• For floating or sliding calipers, you must remove the caliper to push the piston back. Use a large C-clamp and push on the inboard pad. If your rear calipers have an integrated hand-operated parking brake, they will not push in. You will need to use a caliper tool to rotate and retract the piston.
  • CAUTION: Be careful not to damage the pistons, bores, or dust boots when pushing the pistons. If you see damage like torn seals or scoring on the piston, you’ll need to replace or rebuild the calipers. If so, NAPA Auto Parts has the right brake hardware for the job.
  • Check for fluid leaks, rotor corrosion, or scoring and fix or replace those parts (replace seals/calipers, machine/replace rotors) before going any further. Don’t put new brake pads on rotors that are at the end of their life.


  • Remove any pins or retainers. Use brake cleaner and a nylon brush to remove dirt and corrosion. If sliding pins are scored or discoloured, replace them.
  • Thoroughly clean the entire caliper and the mounting bracket with a wire brush. Use a rag to remove any dust or debris and clean with brake cleaner.
  • Lubricate the caliper sliding pins using an appropriate brake lubricant.
  • NOTE: Reusing rusty parts can lead to damage and noise, so always replace brake pad hardware. NAPA brakes come with hardware when required.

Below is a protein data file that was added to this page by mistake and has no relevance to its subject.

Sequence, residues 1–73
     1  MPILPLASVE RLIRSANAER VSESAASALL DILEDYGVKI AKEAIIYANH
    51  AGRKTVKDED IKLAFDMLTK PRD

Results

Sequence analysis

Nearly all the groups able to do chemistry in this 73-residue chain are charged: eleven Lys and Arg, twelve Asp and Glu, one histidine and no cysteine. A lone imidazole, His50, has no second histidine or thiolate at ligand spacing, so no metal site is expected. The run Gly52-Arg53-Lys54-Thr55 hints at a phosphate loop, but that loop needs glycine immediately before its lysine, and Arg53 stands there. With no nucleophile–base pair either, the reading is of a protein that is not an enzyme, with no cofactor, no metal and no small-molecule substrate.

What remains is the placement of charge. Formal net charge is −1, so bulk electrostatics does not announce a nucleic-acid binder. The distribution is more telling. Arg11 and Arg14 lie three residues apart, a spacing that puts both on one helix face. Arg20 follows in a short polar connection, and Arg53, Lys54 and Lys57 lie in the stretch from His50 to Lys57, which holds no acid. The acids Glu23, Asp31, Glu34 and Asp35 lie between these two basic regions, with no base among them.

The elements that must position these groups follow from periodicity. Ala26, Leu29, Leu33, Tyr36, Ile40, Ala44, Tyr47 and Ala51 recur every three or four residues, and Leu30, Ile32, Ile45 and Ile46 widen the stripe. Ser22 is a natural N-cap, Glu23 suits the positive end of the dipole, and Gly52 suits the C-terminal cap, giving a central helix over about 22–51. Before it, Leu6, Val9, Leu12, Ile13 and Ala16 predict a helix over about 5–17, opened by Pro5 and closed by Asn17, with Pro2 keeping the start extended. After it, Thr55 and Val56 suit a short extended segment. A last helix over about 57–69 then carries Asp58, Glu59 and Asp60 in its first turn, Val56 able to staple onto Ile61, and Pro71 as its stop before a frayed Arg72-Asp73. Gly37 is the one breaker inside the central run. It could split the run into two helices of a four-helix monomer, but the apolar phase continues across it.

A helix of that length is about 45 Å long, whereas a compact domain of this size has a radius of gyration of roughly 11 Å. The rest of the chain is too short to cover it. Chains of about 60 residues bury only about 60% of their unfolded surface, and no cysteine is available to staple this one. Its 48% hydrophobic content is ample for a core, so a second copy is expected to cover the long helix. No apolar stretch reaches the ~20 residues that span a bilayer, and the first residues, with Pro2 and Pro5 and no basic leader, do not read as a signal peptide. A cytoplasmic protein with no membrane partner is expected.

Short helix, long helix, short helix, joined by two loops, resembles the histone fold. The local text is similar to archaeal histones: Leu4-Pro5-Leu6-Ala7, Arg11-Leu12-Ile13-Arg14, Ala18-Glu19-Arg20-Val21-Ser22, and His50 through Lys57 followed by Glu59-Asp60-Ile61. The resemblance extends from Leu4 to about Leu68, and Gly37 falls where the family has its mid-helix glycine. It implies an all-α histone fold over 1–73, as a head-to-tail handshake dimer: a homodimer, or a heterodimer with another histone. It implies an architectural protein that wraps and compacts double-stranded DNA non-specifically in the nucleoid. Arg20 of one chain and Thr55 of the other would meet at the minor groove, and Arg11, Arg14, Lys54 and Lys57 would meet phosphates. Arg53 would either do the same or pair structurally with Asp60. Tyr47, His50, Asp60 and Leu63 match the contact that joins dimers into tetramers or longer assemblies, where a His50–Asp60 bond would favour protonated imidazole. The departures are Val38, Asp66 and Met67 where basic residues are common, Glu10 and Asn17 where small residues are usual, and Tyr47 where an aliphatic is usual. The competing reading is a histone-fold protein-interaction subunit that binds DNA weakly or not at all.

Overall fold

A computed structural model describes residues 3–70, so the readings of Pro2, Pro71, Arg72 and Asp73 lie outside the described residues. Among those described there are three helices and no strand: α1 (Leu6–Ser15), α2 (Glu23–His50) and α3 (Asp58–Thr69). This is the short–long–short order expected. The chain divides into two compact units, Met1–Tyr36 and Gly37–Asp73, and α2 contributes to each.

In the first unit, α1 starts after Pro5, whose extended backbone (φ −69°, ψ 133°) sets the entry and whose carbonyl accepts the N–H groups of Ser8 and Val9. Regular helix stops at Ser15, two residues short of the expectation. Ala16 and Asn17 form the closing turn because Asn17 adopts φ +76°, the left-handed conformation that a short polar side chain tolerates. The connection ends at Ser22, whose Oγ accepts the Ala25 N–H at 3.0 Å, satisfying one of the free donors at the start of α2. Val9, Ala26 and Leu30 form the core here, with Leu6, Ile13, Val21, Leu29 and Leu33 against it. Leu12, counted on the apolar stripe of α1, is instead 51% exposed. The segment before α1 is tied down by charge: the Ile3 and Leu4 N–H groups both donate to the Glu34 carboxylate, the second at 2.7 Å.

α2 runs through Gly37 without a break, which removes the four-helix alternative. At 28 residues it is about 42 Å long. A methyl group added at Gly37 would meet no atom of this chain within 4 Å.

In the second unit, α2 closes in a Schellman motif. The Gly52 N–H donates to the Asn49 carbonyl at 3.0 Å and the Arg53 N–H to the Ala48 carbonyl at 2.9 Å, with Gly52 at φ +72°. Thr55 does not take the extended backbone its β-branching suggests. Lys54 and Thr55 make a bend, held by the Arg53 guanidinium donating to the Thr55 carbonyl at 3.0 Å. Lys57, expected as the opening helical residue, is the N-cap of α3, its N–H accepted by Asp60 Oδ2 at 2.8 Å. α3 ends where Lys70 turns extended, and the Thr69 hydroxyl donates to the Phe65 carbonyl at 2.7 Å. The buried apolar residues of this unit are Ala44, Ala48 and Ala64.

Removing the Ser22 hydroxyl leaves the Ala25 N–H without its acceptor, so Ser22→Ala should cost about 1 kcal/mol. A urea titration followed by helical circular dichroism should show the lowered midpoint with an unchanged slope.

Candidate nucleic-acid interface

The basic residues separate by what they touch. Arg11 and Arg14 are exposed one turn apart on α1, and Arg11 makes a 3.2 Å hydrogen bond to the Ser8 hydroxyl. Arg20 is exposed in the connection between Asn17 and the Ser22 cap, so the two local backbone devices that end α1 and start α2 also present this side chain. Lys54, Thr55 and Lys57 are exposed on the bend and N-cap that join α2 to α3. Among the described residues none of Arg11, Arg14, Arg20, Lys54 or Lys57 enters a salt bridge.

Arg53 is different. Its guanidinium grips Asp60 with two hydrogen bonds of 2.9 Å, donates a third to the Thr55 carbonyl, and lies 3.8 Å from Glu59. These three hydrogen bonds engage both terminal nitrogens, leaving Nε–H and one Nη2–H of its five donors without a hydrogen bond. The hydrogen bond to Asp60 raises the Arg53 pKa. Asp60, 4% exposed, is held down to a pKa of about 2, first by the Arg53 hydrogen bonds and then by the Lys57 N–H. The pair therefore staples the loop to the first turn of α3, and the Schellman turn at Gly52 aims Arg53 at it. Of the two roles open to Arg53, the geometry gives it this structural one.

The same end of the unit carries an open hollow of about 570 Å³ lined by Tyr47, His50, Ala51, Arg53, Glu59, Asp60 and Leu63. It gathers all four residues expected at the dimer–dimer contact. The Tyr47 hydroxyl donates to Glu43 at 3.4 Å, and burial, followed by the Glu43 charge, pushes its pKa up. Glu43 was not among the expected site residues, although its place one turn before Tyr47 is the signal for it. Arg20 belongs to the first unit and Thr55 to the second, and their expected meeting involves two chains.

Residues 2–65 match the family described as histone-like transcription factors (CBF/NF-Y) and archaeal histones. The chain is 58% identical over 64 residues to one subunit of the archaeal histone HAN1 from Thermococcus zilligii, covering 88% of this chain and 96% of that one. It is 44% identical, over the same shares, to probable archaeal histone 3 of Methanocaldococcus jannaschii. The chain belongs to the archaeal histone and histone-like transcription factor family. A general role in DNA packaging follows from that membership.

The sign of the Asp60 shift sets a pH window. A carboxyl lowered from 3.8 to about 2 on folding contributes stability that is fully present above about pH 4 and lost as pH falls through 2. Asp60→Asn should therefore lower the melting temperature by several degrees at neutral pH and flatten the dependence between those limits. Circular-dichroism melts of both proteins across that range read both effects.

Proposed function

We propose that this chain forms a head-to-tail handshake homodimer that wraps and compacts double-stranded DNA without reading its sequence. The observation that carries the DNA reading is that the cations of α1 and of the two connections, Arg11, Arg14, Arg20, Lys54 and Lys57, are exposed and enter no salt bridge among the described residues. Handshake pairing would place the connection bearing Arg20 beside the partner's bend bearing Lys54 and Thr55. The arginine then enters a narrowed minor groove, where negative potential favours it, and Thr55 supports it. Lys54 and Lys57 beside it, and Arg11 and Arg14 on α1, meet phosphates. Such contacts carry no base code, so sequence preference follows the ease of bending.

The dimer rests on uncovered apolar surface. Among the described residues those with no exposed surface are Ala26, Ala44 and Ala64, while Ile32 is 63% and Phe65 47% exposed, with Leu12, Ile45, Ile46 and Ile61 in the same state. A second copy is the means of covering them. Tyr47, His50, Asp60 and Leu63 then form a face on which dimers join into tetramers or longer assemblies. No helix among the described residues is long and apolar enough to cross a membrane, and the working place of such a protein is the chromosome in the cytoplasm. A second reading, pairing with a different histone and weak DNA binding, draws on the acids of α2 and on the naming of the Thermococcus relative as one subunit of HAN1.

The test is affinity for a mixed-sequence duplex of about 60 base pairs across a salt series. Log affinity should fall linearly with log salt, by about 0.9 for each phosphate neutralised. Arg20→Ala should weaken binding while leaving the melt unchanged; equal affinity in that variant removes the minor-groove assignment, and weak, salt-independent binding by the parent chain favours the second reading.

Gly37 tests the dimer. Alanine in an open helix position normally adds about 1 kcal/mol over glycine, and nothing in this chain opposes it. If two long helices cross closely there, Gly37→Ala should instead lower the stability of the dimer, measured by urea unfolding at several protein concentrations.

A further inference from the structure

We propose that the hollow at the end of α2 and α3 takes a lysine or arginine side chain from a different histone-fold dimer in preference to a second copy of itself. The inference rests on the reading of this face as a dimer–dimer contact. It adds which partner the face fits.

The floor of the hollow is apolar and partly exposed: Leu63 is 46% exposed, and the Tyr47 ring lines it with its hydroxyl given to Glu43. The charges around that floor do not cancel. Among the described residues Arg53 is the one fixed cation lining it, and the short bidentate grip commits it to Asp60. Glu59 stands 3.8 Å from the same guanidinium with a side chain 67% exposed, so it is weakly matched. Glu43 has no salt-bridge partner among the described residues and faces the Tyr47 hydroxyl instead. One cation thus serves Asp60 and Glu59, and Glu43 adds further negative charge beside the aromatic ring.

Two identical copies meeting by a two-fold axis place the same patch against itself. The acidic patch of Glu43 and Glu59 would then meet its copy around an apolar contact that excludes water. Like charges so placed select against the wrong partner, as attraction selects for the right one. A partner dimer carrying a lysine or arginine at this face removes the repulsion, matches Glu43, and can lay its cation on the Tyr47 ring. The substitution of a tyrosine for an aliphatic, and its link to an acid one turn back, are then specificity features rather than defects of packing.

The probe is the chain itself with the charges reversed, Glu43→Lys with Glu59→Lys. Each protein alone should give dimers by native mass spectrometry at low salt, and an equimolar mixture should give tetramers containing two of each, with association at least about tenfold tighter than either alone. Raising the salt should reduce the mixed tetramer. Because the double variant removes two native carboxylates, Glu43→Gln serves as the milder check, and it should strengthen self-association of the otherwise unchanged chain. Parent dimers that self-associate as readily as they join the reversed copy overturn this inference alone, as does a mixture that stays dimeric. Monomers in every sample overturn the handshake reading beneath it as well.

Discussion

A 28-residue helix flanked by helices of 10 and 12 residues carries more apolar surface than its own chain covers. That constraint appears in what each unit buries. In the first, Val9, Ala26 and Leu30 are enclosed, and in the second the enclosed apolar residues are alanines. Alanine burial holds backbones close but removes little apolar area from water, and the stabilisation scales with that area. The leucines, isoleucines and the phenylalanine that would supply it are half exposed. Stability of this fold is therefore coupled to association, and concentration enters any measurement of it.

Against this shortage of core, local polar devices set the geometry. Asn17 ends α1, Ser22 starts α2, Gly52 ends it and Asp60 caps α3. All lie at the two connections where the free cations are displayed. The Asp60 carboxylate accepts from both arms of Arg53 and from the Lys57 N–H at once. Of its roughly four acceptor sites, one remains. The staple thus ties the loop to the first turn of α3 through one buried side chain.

Always Replace brake pads hardware and dont be cheap by reusing these rusty parts


  • Install the new brake pads in the caliper or anchor in the reverse order of their removal. Make sure all locating clips or anti-rattle springs are in position.
  • Some outboard pads have “ears” that must be bent to fit tightly on the caliper. If necessary, bend the ears by tapping them carefully with a hammer, and use vise grips to press them into position. If the pad is loose on the caliper, it will squeal.
  • Place a small amount of brake lubricant on the pad ears and where the caliper and piston touch the pads. This will help prevent brake noise. Do not get lubricant, grease, or oil on the pad surface.
  • Place the caliper in position and reinstall any bolts, guide pins, support keys, or retainers. Some support keys must be hammered into position. Reinstall any retaining screws or pins. Make sure all bushings are in position. Use caution when replacing any steel springs.